A new £6 million project will aim to keep Birmingham children in school and stop them getting involved in gang violence.
Birmingham has been chosen as one of 10 areas included in the Department for Education’s new scheme, called ‘SAFE’ (Support, Attend, Fulfil, Exceed). It was picked because it is an area with a high level of youth violence. A total of £30 million is being spent nationwide.
The aim is to reduce violence on the streets by targeting the young people in danger of being excluded from school, and those who could be recruited by criminal gangs.
Clare Gallop, of West Midlands Violence Reduction Unit, said: “Educators play an incredibly important role in identifying risk, providing support, and preventing complex and often dangerous situations faced by young people from escalating. Schools within the city have been partnering with the West Midlands Violence Reduction Unit for the past 2 years. We can see the difference that access to mentoring, family support, mental health support and other interventions make at a critical point in a young person’s life.”
In Birmingham, a £6,154,750 investment will help focus on improving pupils’ attendance, reducing the likelihood of young people being permanently excluded from school, keeping young people focused on their education.
Children and Families Minister Will Quince said: “Keeping young people engaged with their education has never been more important. These taskforces are helping school leaders and vital support services work together to support some of the most vulnerable young people across the country, including in Birmingham, helping to keep them on the right track and stop them missing lessons.
“Through the work of these taskforces, combined with our ongoing SEND (special educational needs) Review, the independent review of children’s social care, and our investment in Alternative Provision and other specialist support, this government is levelling up opportunities for all young people to help fulfil their potential and achieve better outcomes.”
Birmingham is known to be one of the national centres of the drugs trade, which fuels much of the gang violence seen in the city.
County line gangs based in big cities send members, often children, to sell drugs in other cities, towns and even rural villages nationwide. A Government report published in July warned: “The cities of London, Liverpool and Birmingham account for approximately 80% of all county lines when the origin of the line is known.”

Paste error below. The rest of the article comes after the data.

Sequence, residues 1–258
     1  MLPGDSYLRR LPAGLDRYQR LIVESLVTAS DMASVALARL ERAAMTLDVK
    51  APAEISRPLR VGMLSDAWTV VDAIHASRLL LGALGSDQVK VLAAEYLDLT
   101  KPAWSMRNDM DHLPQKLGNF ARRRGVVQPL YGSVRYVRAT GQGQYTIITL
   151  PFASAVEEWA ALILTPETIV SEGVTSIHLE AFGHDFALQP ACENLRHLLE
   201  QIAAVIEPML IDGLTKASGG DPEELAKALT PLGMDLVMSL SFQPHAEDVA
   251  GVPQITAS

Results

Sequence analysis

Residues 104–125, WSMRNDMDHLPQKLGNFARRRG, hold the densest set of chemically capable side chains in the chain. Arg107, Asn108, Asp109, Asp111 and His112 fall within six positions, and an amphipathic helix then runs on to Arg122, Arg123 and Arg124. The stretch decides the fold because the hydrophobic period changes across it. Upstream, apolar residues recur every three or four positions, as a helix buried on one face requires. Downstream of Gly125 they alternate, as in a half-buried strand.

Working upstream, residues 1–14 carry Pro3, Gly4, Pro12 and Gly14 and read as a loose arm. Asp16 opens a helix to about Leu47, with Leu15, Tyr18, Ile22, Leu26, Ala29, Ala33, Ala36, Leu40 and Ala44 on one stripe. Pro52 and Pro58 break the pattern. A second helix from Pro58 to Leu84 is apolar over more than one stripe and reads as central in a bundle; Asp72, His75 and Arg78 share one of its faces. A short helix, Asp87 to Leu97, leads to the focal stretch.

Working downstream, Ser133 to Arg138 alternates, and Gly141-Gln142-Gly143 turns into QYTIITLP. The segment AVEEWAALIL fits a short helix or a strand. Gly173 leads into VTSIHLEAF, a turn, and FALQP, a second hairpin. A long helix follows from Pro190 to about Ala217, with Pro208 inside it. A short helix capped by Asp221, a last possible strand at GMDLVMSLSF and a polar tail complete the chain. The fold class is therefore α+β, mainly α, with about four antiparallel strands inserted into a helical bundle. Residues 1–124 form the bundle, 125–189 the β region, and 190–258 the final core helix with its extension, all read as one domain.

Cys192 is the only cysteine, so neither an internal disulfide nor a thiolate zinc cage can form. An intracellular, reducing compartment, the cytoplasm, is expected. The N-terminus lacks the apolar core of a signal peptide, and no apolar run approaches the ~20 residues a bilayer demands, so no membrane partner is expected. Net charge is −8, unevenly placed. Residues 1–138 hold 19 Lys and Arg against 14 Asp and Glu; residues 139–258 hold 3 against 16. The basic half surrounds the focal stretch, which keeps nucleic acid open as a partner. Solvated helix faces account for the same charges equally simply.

The plan warned that the drugs trade is responsible for much of the serious violent crime on our streets, including knife crime. It said “County lines drug-dealing gangs export the problems they cause to other parts of the country, using our roads and railways to send drugs and weapons from our cities to our villages and towns. Inevitably, these criminals export their own brand of violence.”
The murder rate has risen as gangs “fight for control of territory and settle scores”, the crime plan said. It warned: “These crimes also hit the poorest hardest, with the poorest fifth of people having hospital admission rates for injuries caused by violence five times higher than those of the most affluent fifth. We also know that they disproportionately affect black people.”
A report last year by the Inspectorate of Constabulary and Fire & Rescue Services said gangs were sending young people from Birmingham New Street station to sell drugs in rural areas. Trains are used because the dealers, who are often intimidated or bullied into working for the gangs, are too young to drive.
A Government study published last year found there are an estimated 35,381 opiate and/or crack cocaine users in the West Midlands. That includes 10,525 in Birmingham.
Get Midlands politics news and analysis direct to your inbox with the Midlands Message newsletter.